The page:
The European Commission has approved under the EU Merger Regulation the acquisition of Italy’s Ilva, the largest producer of flat carbon steel in Europe and worldwide, by ArcelorMittal, world‘s leading integrated steel and mining company, a press release informs
The decision is conditional on the divestiture of an extensive remedy package to preserve effective competition on European steel markets to the benefit of consumers and businesses.
”EC merger clearance follows the conclusion of the Commission’s Phase II investigation into the proposed acquisition of Ilva, and has been granted on the basis that the Company has committed to dispose of assets in Italy, Romania (ArcelorMittal Galati), Macedonia, Czech Republic, Luxembourg and Belgium, as previously announced on 13 April 2018,” ArcelorMittal announced in a press release as well.
Approval by the EC is a significant milestone in the transaction to acquire Ilva and represents a major step towards closing the deal, which is now expected to occur as soon as possible.
Both companies are significant producers in Europe of hot rolled, cold rolled and galvanised flat carbon steel. ArcelorMittal has a wide production network across the European Economic Area (EEA) and Ilva has major production assets in Italy.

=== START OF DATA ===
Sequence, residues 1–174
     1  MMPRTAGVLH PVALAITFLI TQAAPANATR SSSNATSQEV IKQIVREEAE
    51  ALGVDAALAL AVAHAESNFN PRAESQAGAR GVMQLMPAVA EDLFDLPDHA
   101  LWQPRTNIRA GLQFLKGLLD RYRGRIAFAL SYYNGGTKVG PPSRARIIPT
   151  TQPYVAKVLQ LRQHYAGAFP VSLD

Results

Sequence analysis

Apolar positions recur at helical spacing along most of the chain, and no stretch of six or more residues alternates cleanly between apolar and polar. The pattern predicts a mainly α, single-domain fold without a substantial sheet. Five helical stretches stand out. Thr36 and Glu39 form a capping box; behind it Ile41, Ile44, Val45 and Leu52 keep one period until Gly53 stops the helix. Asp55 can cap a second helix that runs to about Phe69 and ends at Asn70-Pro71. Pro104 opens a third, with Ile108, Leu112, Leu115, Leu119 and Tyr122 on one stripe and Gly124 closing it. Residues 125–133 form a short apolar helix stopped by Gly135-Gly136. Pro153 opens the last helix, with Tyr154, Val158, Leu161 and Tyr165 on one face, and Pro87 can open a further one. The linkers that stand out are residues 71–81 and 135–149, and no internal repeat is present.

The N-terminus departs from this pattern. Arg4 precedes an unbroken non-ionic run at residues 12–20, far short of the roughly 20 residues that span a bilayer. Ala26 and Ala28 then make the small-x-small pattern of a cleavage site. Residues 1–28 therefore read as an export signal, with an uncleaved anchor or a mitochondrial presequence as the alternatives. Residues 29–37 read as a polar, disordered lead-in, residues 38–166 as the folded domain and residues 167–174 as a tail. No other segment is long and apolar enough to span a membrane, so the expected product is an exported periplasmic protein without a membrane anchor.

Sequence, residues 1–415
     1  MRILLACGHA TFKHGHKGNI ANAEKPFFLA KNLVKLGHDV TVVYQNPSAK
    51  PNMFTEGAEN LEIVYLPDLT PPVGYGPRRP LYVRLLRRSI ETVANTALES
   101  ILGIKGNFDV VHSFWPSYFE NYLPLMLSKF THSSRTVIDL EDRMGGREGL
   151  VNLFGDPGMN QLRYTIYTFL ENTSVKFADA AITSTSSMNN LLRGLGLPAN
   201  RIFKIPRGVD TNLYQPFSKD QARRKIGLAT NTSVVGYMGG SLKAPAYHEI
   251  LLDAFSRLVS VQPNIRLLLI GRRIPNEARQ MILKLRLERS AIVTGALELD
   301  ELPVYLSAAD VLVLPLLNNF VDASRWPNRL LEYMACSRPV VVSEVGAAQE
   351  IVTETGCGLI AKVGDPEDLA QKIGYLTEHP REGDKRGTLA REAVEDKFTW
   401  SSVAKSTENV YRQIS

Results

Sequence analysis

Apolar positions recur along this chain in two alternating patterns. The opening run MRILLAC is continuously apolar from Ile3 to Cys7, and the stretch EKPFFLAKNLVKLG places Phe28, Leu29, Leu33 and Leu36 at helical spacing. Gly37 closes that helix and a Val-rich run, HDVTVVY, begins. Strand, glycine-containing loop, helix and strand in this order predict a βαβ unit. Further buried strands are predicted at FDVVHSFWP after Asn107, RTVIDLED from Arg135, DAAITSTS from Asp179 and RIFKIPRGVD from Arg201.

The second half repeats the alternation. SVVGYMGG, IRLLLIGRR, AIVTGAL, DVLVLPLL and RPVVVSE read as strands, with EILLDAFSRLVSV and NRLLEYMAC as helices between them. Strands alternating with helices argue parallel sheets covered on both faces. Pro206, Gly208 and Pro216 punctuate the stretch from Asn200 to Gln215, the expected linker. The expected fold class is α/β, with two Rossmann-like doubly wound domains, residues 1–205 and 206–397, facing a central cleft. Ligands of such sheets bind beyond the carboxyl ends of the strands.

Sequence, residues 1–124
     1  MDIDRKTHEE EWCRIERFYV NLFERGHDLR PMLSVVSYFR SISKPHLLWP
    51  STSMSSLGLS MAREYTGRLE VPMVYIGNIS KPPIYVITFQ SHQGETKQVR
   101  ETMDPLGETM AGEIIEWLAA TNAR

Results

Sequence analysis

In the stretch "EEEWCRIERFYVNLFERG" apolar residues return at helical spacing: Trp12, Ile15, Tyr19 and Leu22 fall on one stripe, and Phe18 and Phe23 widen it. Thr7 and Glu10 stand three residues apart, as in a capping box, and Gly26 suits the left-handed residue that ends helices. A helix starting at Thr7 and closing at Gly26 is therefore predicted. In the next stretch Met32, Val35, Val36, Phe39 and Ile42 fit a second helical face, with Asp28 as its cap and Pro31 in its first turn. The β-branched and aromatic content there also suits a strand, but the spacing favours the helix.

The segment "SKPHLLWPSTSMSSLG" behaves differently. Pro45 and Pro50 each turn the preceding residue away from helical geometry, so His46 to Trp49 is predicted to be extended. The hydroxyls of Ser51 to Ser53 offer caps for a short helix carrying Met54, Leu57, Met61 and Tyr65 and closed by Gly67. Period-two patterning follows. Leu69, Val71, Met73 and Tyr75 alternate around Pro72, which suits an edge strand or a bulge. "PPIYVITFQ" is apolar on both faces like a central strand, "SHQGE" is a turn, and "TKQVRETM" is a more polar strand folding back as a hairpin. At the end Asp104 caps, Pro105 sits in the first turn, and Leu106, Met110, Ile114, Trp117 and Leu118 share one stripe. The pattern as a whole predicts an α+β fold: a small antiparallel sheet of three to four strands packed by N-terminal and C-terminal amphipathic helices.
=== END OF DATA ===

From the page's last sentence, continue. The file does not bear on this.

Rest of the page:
Commissioner Margrethe Vestager, in charge of competition policy, said: “Steel is a critical input for many European industries and products we use every day. Today’s decision makes sure that ArcelorMittal’s acquisition of Ilva, creating the by far largest steelmaker in Europe, does not result in higher steel prices – at the expense of European industries, the millions of people they employ and consumers. ArcelorMittal has proposed to sell a number of steel plants throughout Europe to one or more buyers, who will run them to compete with ArcelorMittal on a lasting basis. This will preserve effective competition on European steel markets. It goes hand in hand with decisive EU action to protect our steel industry from unfair trade distortions from third countries.”
As part of its in-depth investigation, the Commission reviewed more than 800,000 internal documents and took into account feedback from over 200 customers. These customers, including many small and medium sized companies, are active in a wide range of sectors, such as construction, car manufacturing, household appliances, tubes etc. They rely on competitive steel prices to compete with imported products in the EEA as well as on global markets.
As a result of its investigation, the Commission had concerns that the transaction as notified would have resulted in higher prices for European customers for hot rolled, cold rolled and galvanised flat carbon steel.